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White-tailed deer display high transmission of coronavirus, study finds

Photo of a deer from the USDA.
Jack Bulmer
Photo of a deer.

White-tailed deer across the country have been testing positive for SARS-CoV-2, the virus that causes COVID-19 in humans.

The U.S. Department of Agriculture surveilled over 11,000 wild white-tailed deer in a national wildlife disease monitoring study.

Tracking revealed that 31.6% of the deer tested positive for the presence of SARS-CoV-2 antibodies. Additionally, 12.2% of the sampled population presented active infections.

"A lot of viruses do originate in wild animals and then can spill over into human populations," said Sarah Bevins, the assistant coordinator of the National Wildlife Disease Program at the USDA. "That is one of the driving concerns for future pandemics are these zoonotic infections."

The USDA calls white-tailed deer a "reservoir species" because it can host SARS-CoV-2 and potentially spread the virus.

"Additionally, our research shows that SARS-CoV-2 was transmitted from humans to deer, mutated and was potentially transmitted back to humans," said the USDA in a recent press release.

Still, the agency said, "there is no evidence that animals play a significant role in spreading the virus to humans."

Bevins said that while the virus can spread between deer and humans, it is unclear if this transmission would be harmful to humans.

"Are male deer more likely to be affected than females, because of their behavior patterns? Do we see a seasonal variation like we do with Sars-CoV2 in human populations. I think they're all kind of outstanding questions," she said.

The USDA is expanding its surveillance throughout the country to include other cervids such as elk.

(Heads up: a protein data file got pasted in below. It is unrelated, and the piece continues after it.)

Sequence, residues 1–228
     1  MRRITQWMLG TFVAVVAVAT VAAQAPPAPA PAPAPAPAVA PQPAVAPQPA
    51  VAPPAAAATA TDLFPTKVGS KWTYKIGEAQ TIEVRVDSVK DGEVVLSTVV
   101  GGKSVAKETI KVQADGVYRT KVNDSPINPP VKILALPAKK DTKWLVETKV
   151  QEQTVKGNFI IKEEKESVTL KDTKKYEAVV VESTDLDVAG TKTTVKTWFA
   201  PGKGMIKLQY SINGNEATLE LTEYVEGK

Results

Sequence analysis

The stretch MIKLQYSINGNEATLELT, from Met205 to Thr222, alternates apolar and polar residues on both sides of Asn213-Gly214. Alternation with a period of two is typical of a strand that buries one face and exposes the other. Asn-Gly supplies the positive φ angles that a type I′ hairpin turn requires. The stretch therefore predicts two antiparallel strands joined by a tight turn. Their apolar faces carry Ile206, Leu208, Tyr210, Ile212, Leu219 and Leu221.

Bevins said it's important to understand transmission patterns to be on the forefront of disease prevention in humans, especially in Michigan where white-tail deer are common.

Nevertheless, experts say hunters should practice good hygiene when harvesting and processing animals.

"If you as a hunter kill an animal, which is infected, and you got that animal, and you take out the lungs, where the virus resides, there's a chance that you get infected," Juergen Richt, the director of the Center of Excellence for Emerging and Zoonotic Animal Diseases at Kansas State University told the Topeka Capital-Journal.
"However, the meat, the venison, is most likely clean and you don't have a high chance to get infected."

"There is no evidence," the USDA reports, "that people can get COVID-19 by preparing or eating meat from an animal infected with SARS-CoV-2, including wild game meat hunted in the United States."

ED NOTE: This story has been updated to clarify the extremely low risk to hunters.

Priya Vijayakumar started her Newsroom Internship in January 2023. She is interested in science/health reporting and making the facts more accessible to all!
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